Sara joins Julliard in New York to fulfill her and her mother's dream of becoming the Prima ballerina of the school. She befriends her roommates, Zoe and Miles, who teach hip-hop classes. ... See full summary »
A group of 12 teenagers from various backgrounds enroll at the American Ballet Academy in New York to make it as ballet dancers and each one deals with the problems and stress of training and getting ahead in the world of dance.
In New York, the polite dance instructor Pierre Dulaine sees a black teenager vandalizing the car of the director of a public school and on the next day he volunteers to teach dance to students to give respect, dignity, self-confidence, trust and teamwork. The reluctant director Augustine James offers the troublemakers that are in detention expecting Pierre to give-up of his intentions. Pierre struggles against the prejudice and ignorance of the students, parents and other teachers, but wins his battle when the group accepts to compete in a ballroom dance contest. Written by
Claudio Carvalho, Rio de Janeiro, Brazil
The first time when Pierre is in Augustine's office, he mentions the pictures of students on the wall. During the shot of the students, the pictures of Rock's brother and of LaRhette's brother are side by side. But when Pierre asks Augustine about Rock and LaRhette, she points out the students on the wall but LaRhette's brother's picture is below Rock's brother's picture. See more »
Take the Lead (Wanna Ride)
Written by Swizz Beatz (as Kasseem Dean), Layzie Bone (as Steve Howse), Krayzie Bone (as Anthony Henderson), Wish Bone (as Charles Scruggs), Juan Luis Morera, Llandel Vegilla, Melissa Jimenez, Fatman Scoop (as Isaac Freeman III) and Drag-On (as Mel Small)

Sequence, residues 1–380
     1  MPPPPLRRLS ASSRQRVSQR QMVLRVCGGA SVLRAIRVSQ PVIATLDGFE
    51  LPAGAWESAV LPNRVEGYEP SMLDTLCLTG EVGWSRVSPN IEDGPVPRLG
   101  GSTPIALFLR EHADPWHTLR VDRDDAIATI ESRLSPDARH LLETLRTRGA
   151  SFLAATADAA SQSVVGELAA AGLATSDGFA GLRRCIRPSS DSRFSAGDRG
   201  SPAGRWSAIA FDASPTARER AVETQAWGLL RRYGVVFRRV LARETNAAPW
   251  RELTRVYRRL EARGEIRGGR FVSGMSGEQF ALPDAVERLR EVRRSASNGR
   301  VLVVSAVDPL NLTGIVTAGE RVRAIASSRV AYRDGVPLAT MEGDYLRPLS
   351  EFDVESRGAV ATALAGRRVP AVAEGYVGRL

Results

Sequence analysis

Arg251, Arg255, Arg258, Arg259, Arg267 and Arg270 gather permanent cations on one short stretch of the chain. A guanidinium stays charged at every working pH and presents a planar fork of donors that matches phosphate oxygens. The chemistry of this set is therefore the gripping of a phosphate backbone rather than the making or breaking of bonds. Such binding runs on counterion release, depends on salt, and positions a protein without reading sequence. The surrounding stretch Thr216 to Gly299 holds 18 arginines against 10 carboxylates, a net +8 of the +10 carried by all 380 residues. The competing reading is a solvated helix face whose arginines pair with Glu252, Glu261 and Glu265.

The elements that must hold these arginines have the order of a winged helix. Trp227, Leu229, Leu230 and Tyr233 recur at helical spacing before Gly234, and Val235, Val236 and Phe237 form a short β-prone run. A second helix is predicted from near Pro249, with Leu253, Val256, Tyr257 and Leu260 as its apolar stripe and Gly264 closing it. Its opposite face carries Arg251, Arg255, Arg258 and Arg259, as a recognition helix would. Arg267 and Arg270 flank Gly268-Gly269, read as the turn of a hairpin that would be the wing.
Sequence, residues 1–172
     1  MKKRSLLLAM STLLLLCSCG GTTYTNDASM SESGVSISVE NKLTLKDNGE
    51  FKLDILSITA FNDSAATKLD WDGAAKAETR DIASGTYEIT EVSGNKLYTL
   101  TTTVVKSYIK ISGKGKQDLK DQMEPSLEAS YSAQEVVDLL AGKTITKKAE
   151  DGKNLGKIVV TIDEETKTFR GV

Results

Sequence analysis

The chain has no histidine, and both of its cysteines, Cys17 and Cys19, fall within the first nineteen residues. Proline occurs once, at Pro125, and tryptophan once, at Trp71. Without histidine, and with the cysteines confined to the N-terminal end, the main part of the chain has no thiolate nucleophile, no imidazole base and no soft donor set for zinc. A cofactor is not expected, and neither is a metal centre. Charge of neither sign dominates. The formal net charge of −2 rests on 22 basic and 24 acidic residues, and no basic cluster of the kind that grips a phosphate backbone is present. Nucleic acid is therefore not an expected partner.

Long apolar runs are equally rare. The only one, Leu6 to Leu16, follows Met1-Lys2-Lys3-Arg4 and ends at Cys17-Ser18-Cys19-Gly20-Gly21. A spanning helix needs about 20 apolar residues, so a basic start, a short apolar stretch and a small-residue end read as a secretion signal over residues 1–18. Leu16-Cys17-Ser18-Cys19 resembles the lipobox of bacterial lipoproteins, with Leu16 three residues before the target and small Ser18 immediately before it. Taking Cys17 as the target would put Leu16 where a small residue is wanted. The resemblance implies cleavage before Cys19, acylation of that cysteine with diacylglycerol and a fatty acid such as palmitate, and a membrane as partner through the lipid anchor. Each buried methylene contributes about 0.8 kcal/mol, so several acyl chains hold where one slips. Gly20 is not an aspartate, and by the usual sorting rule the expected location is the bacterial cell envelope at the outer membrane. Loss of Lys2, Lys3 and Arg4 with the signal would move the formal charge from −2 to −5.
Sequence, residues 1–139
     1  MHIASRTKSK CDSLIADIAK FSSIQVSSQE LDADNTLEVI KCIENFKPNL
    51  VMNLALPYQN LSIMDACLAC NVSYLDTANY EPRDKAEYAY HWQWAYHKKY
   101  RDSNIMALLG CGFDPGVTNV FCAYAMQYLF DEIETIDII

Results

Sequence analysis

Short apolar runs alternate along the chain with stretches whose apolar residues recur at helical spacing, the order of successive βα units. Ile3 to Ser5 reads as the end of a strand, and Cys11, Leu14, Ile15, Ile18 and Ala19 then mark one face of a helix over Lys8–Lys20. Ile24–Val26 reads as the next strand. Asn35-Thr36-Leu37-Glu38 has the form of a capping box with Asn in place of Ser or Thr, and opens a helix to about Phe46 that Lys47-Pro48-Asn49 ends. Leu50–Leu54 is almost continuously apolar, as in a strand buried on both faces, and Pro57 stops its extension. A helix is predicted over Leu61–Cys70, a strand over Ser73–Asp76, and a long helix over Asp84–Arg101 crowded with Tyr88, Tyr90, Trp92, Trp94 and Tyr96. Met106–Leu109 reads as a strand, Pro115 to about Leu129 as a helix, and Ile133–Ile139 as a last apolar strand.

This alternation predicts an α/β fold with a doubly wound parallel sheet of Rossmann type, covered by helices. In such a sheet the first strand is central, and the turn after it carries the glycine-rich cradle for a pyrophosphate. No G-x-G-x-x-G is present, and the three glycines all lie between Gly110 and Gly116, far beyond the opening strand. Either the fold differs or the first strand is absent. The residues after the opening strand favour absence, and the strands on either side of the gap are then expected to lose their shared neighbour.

Performed by Bone Thugs n Harmony and Wisin & Yandel featuring Fatman Scoop,
Melissa Jimenez and Drag-On
Produced by Swizz Beatz
Courtesy of Universal Records a division of UMG Recordings, Inc.
Bone Thugs -N- Harmony appear courtesy of Full Surface Records
Drag-On appears courtesy of Ruff Ryders Entertainment See more »
This movie I will applaud for it's use of the art of montage. Every montage had a purpose - and they were edited together with the music super well. Not only were images from two different worlds combined in the montages - but music from two different worlds as well.
Growing up in East Los Angeles I could relate at a lot of different points. My family didn't have it bad, but the people around me did. I can see how the dance programs would boost self-esteem and add culture to kids who didn't have chances at culture.
The characters are well fleshed out (which is amazing for most recent movies) and Antonio Banderas gets to be his uber-suave, ultra-rich self. Dulaine opens doors and stands for ladies - moves that one kid in the movie calls "punk-@ss".
It's a familiar story line for anyone who has seen the typical teacher movie, but there's enough intrigue in the characters, the dance and the music to keep in highly entertaining. The theater audience with us was cheering, laughing and cat-calling at different points and the lady next to me kept saying how she couldn't wait for this to come out on DVD.
45 of 54 people found this review helpful.
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